Leaders in the field of education are sounding the alarm that a teacher shortage is hurting Missouri schools—and that it’s about to get worse. Local education experts plan to put their heads together Thursday to try to combat the factors leading to the problem.
The teacher shortage is a national phenomenon; and to be clear, it’s not that qualified people don’t exist—it’s that they simply are deciding not to be teachers, or that they’re getting out of the field early.
There are many factors, and Missouri stands out in at least a couple of areas.
First, the starting salary for public school teachers is among the lowest in the country, at $31,842 – that’s according to the latest data from the Learning Policy Institute.
Missouri’s also nowhere near the top of when it comes to mentoring, retention, or student loan forgiveness of public school teachers.
Dr. Stephen Kleinsmith, director of school and community partnerships at Missouri State University, says all of these factors together mean Missouri schools could be headed for a crisis.
That’s why he’s helping put together a think tank in Springfield Thursday.
“The dean of education for Missouri State College of Education, Dr. David Hough, was wise enough to see this challenge coming our way. It’s coming. It’s on us in many places throughout the country–Missouri, especially,” Kleinsmith said.
The PDK Poll of the Public Attitude Toward Public Schools showed in 2018 that 54% of American parents would not like their children to choose teaching in public schools as a career.
That’s the first time a majority of parents have felt that way since this poll began tracking these sentiments in 1969. Kleinsmith says the numbers worry him.
“We don’t have enough teacher candidates going through the colleges of education throughout America. The data is just crystal clear on that. And then on top of that, you compound that with the attrition rate. We have teachers getting out of the profession much too early,” Kleinsmith said.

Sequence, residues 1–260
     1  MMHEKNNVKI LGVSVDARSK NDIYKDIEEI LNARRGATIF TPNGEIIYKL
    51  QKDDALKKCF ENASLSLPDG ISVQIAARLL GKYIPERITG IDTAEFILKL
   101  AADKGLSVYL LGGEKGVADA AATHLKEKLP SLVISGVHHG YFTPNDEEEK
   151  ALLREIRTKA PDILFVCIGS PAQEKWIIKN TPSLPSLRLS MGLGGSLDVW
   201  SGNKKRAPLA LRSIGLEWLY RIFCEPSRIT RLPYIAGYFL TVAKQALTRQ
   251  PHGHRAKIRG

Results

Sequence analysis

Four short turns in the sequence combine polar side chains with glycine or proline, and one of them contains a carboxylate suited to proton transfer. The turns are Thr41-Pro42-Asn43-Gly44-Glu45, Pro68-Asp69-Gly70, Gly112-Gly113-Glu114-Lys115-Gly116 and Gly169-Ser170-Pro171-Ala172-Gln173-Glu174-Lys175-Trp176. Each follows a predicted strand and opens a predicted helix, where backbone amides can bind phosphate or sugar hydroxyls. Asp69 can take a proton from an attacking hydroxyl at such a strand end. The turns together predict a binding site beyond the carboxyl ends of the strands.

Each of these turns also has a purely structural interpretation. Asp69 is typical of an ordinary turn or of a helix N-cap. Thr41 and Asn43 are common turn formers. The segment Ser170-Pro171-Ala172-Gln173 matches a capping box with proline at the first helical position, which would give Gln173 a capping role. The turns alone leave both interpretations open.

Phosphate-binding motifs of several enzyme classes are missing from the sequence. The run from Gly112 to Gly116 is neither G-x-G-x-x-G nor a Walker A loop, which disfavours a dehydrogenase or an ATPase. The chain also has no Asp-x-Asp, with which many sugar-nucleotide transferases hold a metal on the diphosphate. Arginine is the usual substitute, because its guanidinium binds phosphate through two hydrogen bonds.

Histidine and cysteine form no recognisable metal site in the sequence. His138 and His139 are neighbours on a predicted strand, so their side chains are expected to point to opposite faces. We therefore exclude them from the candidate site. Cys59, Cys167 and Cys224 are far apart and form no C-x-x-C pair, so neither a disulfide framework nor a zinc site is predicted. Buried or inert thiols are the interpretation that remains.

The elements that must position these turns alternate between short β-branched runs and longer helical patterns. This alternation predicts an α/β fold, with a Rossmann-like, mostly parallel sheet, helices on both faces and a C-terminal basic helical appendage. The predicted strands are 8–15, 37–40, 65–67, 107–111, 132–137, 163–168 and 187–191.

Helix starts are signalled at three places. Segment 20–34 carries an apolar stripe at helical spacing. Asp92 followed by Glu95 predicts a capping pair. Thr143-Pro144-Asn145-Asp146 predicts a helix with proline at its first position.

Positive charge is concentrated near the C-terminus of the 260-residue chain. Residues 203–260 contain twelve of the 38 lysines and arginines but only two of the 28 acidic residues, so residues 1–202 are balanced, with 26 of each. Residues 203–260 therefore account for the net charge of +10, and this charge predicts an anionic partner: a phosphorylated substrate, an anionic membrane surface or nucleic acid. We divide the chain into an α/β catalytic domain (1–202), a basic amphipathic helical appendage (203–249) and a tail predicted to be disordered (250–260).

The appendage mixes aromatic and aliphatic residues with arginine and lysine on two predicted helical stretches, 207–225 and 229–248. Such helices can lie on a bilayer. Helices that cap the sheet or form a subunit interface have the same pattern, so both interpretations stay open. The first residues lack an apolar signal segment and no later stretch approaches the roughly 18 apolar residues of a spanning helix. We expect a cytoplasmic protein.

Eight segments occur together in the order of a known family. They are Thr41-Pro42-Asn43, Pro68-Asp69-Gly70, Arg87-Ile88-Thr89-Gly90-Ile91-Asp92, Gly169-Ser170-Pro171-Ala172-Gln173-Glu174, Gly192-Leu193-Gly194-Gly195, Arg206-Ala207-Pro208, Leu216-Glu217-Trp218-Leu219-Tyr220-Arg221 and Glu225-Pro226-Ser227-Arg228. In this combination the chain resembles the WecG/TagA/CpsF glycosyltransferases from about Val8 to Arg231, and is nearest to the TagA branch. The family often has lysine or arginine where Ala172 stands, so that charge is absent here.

This means schools are ending up with a very shallow pool of candidates when they go to hire, especially in rural or high poverty areas.
Another partner in this week’s think tank is Care to Learn, which serves the hunger, health, and hygiene needs of kids throughout the region.
Doug Pitt is founder of Care to Learn.
“If a kid’s hurting, if a kid’s hungry, if a kid is maybe just having distress from being made fun of for the clothing he’s wearing, he could care less about math, right? And English doesn’t matter. Well, that becomes a teacher’s issue at that point,” Pitt said.
Poverty is directly related to the teacher shortage, experts say, because it adds extra stressors to the profession of teaching. Pitt says teachers are the front line of administering Care to Learn, since they are often the first to see a child’s need.
“We need great quality, compassionate teachers in the classroom who are educated not just in their field and expertise, but really, anymore, they’re social workers at the same time. But if we give them some great tools to alleviate some of that, it helps the classroom, the other students, just because of the distraction. And it helps the teacher," Pitt said.
And many school districts in the Ozarks region are considered high poverty. Teachers also pay for their classroom supplies out of their own pockets.
Kleinsmith says Thursday’s think tank will bring together teachers, school board members, former lawmakers, students, and higher education leaders to look at how to improve the teaching experience locally, and to attract more qualified candidates to consider the field.